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I'm trying to understand an academic paper (pdf) about programming language design. In particular, it describes a lightweight version of Java called Featherweight Java. It has typing rules with notation like this:

x_ : C_, this : C |- e0 : E0         E0 <: C0
class C extends D {...}
if mtype(m,D) = D_->D0, then C_ = D_ and C0 = D0
C0 m(C_ x_){ return e0; } OK IN C

That is my best attempt at reproducing it in text, anyways. However, the paper, seems to assume that such notation is familiar, and barely explains it. Could anyone point me in the direction of a better explanation? Thanks!

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You could grab a image snip of the text instead of trying to mimic the notation and use an <img> tag. –  Edwin Jarvis Feb 12 '09 at 1:59

3 Answers 3

This is a particularly complicated example, and a few separate things are going on inside it.

The horizontal bar notation is usually used for inference rules. Above the line are premises (usually separated by whitespace on a single line), below the line is a conclusion. E.g.,

P0   P1   ...   Pn

means "if P0 through Pn all hold, then we may conclude that C holds as well."

The turnstile notation (⊦) is usually used for entailment relations. In type systems, this usually means "if we assume the types on the left-hand side, we can derive the types on the right-hand side." The colon is conventionally used to associate a variable or expression with a type, so

x_ : C_, this : C ⊦ e0 : E0

means "assuming x_ has type C_ and this has type C, we can derive that e0 has type E0."¹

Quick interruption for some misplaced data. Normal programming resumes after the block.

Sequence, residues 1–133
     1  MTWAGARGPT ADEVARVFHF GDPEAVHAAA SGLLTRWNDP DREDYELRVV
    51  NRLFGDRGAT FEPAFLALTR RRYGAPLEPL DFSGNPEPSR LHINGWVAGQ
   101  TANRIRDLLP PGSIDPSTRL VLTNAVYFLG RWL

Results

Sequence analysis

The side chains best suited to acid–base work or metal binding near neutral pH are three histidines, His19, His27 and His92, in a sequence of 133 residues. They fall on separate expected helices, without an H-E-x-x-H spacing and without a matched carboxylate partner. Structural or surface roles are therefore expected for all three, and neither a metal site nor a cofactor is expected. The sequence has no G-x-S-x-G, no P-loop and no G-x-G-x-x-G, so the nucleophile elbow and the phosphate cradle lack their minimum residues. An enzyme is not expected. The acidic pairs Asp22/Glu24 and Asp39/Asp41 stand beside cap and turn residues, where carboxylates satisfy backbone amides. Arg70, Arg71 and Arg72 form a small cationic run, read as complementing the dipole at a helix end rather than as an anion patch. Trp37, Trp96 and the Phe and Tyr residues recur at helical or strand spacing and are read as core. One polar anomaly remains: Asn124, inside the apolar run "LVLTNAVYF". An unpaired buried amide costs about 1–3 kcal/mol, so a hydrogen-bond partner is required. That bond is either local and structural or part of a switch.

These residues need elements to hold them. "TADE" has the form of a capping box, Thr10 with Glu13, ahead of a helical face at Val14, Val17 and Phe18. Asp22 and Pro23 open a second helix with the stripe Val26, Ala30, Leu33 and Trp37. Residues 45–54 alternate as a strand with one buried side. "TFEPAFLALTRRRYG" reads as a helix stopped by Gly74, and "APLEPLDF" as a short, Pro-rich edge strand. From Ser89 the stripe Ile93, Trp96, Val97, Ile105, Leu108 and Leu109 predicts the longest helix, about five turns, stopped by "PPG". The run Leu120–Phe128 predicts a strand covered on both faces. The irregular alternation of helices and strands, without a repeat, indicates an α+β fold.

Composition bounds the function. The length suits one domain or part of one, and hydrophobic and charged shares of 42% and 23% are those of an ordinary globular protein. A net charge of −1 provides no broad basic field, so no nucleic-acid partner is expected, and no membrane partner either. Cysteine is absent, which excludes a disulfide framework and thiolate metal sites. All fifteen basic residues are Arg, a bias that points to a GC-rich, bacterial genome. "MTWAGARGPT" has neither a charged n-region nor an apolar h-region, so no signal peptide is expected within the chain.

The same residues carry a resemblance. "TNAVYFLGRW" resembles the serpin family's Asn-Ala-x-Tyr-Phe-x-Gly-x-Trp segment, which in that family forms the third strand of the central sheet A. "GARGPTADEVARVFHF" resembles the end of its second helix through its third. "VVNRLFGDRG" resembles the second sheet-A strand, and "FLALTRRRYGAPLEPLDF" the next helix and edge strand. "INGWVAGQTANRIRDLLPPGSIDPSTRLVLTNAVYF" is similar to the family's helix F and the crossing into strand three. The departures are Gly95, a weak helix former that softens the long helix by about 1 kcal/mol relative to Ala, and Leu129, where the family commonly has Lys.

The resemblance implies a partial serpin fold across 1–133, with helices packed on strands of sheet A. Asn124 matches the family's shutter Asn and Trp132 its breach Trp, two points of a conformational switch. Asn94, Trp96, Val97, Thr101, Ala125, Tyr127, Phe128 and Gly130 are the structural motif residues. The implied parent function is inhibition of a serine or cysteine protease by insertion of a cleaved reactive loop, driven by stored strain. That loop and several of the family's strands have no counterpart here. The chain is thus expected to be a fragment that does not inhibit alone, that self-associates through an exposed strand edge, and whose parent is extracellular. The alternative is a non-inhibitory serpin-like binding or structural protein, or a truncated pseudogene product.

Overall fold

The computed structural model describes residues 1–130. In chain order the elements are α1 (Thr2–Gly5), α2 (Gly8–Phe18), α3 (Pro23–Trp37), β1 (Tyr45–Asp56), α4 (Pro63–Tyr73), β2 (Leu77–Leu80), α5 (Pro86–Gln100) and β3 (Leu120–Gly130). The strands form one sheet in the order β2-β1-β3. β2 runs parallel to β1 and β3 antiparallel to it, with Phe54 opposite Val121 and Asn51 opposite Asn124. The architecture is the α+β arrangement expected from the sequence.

The symbol <: is conventionally used for sub-typing relations, but this should be defined explicitly in the paper.

The "class C extends D" bit seems to be referring to the syntax of the source program. I.e., the intended premise is "C is explicitly declared to extend D".

The rest of it is hard to grok without wading into the paper. I heartily second Norman Ramsey's recommendation of Pierce as a good introduction to type theory.

¹ Note that the difference between "inference" and "entailment" is either subtle or non-existent—which one to use where is a matter of convention, taste, and/or fine distinctions.

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Benjamin Pierce's undergraduate textbook Types and Programming Languages will teach you everything you need to know to understand the notations used in the Featherweight Java paper. (I think Pierce may be coauthor of that paper as well.)

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Looks like formal semantics, and in this case of syntax probably denotational semantics, but some symbols look pretty much cryptic.

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Actually this looks like a natural-deduction semantics not a denotational semantics. From the ASCII art alone I can't tell much more. –  Norman Ramsey Feb 12 '09 at 3:32
It's a type rule. –  Dave Clarke Feb 19 '11 at 11:03

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